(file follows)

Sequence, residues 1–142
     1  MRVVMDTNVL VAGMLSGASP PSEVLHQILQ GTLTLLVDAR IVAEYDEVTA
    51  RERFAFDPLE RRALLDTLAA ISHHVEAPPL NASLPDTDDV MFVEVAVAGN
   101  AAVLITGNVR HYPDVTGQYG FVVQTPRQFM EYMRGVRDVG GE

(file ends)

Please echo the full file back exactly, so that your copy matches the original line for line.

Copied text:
Sequence, residues 1–142
     1  MRVVMDTNVL VAGMLSGASP PSEVLHQILQ GTLTLLVDAR IVAEYDEVTA
    51  RERFAFDPLE RRALLDTLAA ISHHVEAPPL NASLPDTDDV MFVEVAVAGN
   101  AAVLITGNVR HYPDVTGQYG FVVQTPRQFM EYMRGVRDVG GE